Academic aptitude as a neglected factor for foreign students

Back in 1895, Albert Einstein, a brilliant young man from southern Germany, sought admission as an international student to what would become ETH Zurich in Switzerland, but was initially rejected because he did not meet the necessary requirements – the formal qualification and sufficient French language skills.

Recognising the need to assess more than just formal qualifications, the “Eidgenössische Polytechnische Hochschule” in Zurich offered Einstein the opportunity to take an aptitude test. He excelled in the science section but failed the French exam, a crucial requirement in Zurich at the time.

Despite this setback, Einstein persevered. He passed his Matura with excellent grades (except in French) and was admitted to Zurich a year later. His journey as an international student proved immensely successful, leading to professorships in Prague and Berlin before he emigrated to the USA in 1933, where he became a professor at Princeton.

Aptitude as the best predictor of academic success

Empirical studies on the prediction of academic success have repeatedly shown that aptitude for a field of study is the best predictor (e.g. Schult et al., 2019). For example, those with a high aptitude for science are very likely to succeed in a science or engineering degree. However, if they lack aptitude, they are likely to quit. In some courses, prior knowledge is also important: someone with a good knowledge of mathematics is more likely to get through the first few semesters of a mechanical engineering course than someone with only rudimentary knowledge of mathematics.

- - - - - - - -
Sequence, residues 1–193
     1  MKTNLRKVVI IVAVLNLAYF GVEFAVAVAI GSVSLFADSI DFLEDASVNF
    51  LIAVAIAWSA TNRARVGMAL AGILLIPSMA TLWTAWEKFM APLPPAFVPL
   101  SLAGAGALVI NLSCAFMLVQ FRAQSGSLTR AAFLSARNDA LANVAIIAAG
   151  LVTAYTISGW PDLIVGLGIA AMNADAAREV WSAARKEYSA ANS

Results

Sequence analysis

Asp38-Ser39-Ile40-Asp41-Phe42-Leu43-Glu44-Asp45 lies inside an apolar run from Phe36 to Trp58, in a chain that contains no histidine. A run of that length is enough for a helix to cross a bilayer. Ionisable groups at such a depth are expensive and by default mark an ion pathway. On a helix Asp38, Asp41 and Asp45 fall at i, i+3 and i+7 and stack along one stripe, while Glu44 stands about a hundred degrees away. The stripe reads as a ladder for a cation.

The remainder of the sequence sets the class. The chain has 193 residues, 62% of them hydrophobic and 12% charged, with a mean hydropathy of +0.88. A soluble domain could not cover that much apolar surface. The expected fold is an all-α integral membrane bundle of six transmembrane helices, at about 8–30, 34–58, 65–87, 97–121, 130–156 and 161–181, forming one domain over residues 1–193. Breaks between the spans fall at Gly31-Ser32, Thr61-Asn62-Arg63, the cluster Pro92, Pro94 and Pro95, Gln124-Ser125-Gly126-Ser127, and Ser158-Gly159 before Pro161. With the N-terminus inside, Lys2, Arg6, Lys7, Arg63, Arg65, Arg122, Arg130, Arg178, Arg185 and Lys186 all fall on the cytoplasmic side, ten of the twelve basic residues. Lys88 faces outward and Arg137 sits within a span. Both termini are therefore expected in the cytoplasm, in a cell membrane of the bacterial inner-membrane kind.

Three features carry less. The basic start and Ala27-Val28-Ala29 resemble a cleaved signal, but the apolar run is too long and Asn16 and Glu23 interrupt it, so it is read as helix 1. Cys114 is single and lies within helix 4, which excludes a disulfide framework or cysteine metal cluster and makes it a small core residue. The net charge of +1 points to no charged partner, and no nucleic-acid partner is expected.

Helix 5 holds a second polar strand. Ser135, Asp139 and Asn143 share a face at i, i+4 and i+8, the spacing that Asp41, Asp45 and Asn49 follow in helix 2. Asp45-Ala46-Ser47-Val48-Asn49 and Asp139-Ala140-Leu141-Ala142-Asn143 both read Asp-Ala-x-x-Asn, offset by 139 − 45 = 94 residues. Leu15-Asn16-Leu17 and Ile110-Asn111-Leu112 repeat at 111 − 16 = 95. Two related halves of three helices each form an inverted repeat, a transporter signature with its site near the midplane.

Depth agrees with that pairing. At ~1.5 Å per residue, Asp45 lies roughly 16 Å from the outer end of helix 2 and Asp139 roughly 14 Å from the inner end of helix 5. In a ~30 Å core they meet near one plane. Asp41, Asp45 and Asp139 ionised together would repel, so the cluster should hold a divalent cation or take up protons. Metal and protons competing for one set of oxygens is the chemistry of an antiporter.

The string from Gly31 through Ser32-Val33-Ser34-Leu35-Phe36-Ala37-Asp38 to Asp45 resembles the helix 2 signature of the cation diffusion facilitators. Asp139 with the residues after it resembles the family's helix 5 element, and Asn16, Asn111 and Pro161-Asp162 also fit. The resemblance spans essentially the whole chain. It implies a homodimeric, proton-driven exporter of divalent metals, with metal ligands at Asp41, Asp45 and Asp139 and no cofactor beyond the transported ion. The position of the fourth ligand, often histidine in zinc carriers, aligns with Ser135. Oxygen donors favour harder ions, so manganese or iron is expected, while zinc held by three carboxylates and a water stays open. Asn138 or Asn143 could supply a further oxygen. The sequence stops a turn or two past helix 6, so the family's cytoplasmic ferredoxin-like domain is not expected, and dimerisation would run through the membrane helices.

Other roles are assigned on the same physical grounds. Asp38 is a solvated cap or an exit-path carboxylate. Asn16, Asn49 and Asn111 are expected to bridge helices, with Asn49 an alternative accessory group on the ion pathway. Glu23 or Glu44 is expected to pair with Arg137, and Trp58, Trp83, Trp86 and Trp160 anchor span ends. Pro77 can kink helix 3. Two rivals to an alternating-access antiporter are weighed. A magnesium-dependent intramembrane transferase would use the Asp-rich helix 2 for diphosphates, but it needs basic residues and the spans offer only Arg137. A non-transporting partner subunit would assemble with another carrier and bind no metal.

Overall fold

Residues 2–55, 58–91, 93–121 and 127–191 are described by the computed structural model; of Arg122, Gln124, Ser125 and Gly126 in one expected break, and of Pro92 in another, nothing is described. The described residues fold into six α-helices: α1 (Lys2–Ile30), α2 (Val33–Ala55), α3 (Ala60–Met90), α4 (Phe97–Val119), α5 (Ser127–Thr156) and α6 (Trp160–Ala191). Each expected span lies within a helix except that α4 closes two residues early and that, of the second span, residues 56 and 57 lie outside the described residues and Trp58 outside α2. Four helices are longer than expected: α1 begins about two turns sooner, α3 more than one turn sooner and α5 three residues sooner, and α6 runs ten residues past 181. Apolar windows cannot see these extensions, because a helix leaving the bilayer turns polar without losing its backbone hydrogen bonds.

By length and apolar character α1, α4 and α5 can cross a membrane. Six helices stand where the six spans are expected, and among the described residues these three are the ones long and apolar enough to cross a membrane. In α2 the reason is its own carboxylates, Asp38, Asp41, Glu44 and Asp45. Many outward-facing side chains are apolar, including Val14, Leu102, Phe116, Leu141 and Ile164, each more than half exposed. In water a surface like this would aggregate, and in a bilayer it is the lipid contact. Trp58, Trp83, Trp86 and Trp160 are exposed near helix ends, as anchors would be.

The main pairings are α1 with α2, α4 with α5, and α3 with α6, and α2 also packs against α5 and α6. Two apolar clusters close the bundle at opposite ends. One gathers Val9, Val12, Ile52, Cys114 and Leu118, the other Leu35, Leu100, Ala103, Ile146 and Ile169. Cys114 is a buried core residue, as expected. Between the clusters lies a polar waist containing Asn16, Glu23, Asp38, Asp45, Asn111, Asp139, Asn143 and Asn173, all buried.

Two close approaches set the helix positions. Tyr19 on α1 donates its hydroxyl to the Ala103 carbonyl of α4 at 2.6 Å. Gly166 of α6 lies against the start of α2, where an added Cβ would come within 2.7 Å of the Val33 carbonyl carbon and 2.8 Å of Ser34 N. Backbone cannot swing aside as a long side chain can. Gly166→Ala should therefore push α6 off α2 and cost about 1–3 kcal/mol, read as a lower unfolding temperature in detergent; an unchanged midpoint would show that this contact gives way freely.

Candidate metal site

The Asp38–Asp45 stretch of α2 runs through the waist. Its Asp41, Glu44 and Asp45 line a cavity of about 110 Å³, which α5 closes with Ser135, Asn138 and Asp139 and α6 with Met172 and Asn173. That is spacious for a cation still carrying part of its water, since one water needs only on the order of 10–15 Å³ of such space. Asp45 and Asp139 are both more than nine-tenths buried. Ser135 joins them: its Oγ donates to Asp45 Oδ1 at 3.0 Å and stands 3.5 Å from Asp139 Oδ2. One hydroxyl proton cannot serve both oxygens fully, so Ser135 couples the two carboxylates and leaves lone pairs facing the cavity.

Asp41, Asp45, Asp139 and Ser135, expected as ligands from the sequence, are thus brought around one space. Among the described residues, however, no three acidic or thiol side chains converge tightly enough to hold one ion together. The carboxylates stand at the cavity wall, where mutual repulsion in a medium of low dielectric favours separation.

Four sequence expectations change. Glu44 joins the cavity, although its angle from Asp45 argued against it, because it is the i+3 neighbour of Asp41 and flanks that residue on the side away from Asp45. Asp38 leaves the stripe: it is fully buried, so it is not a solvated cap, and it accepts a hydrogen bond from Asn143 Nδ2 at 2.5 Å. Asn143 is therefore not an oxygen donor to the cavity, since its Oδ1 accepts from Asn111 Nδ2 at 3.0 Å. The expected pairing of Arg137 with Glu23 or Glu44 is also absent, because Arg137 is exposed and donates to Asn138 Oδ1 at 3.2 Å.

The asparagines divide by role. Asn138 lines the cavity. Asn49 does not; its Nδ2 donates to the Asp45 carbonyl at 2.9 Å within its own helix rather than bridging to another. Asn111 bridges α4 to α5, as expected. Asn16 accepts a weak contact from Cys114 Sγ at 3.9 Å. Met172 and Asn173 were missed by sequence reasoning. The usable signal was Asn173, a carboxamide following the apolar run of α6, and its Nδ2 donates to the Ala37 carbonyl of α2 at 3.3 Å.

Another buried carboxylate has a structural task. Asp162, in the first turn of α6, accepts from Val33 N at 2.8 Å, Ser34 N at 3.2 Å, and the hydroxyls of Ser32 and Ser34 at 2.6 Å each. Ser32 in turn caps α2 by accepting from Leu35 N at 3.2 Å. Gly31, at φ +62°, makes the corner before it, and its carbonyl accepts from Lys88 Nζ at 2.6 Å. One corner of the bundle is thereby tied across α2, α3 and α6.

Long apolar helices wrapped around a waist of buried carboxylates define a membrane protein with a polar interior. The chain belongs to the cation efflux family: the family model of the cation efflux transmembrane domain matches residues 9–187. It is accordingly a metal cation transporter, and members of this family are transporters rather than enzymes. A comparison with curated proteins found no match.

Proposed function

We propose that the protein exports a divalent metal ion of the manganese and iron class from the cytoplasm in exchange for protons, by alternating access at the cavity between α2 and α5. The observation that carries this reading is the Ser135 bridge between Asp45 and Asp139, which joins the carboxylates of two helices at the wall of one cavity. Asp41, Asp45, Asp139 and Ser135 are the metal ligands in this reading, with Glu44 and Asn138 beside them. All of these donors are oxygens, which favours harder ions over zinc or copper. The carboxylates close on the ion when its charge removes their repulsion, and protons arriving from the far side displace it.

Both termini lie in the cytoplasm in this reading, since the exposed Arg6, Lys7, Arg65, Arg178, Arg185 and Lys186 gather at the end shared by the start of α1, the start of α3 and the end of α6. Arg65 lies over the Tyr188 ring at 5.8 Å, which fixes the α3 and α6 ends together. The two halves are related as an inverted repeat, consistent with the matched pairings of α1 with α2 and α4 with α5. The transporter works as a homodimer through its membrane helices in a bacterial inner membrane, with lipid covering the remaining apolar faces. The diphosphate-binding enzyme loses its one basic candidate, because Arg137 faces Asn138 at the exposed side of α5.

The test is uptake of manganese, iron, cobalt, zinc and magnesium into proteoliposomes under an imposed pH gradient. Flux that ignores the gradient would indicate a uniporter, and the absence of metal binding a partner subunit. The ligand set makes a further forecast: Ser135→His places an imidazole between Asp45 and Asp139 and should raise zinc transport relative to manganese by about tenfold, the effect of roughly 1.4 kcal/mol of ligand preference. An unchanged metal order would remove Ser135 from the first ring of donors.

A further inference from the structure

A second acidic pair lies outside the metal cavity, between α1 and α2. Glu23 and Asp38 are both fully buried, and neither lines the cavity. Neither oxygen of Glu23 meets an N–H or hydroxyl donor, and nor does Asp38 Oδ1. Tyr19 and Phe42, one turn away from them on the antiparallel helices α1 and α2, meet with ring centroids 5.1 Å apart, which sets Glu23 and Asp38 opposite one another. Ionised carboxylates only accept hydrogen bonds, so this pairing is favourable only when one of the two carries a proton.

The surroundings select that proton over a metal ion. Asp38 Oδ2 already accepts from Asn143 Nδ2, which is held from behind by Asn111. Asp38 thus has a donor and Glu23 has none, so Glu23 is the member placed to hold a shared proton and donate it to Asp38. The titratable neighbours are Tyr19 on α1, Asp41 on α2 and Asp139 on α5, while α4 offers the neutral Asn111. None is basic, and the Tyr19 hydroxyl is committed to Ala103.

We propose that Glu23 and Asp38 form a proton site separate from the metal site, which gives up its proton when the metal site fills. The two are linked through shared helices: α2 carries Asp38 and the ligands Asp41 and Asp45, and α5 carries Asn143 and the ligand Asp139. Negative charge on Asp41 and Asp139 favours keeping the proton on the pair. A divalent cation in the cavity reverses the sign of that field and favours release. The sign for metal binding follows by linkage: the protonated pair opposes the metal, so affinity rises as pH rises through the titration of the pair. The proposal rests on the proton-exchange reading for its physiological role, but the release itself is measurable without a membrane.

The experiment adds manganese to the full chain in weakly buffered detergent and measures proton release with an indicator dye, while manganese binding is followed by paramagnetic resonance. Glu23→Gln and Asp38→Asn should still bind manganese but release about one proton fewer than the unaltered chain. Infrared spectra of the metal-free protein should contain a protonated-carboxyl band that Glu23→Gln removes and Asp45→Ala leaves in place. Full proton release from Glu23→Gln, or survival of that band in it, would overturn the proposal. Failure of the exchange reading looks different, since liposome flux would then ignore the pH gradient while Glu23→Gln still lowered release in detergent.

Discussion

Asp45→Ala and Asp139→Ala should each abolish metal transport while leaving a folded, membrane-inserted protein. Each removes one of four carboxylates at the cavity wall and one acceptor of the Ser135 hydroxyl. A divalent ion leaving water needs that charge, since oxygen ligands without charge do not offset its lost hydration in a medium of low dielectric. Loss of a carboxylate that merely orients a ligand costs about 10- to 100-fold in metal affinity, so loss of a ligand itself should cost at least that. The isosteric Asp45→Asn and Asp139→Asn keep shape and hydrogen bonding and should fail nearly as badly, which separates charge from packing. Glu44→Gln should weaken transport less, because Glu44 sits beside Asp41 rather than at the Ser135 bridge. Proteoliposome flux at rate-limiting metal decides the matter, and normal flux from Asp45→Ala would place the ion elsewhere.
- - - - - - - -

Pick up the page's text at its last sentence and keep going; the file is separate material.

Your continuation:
However, the aspect of academic aptitude (including prior knowledge) is hardly taken into account in analyses of the success of foreign students and plays virtually no role in the question of university admission. Admission to higher education is almost exclusively based on formal qualifications and language skills; subject-related aptitude is often not even recorded. In 1895, the Polytechnic of Zurich was more progressive than many universities today, offering an entrance examination for applicants like Einstein.

Formal qualifications play a key role in university admission

Today, foreign applicants wishing to study in Germany face similar difficulties to those Albert Einstein faced in Zurich. Universities require a higher education entrance qualification that is recognised as equivalent to the German Abitur according to the criteria of the Central Office for Foreign Education (Zentralstelle für ausländisches Bildungswesen, ZAB). High levels of German language skills are also required at the start of the programme. Those who do not meet the ZAB criteria must first attend a preparatory college or study for a year (sometimes two) in their home country before gaining the formal qualification to study at a German university. It is obvious that by insisting on formal qualifications and a high level of language skills, as well as complicated examination and admission processes, a country is losing out on foreign talent. Who knows, perhaps Germany has already lost some extremely talented people because they did not meet the formal qualifications and therefore went to another country.

Which formal qualifications are recognised and which are not?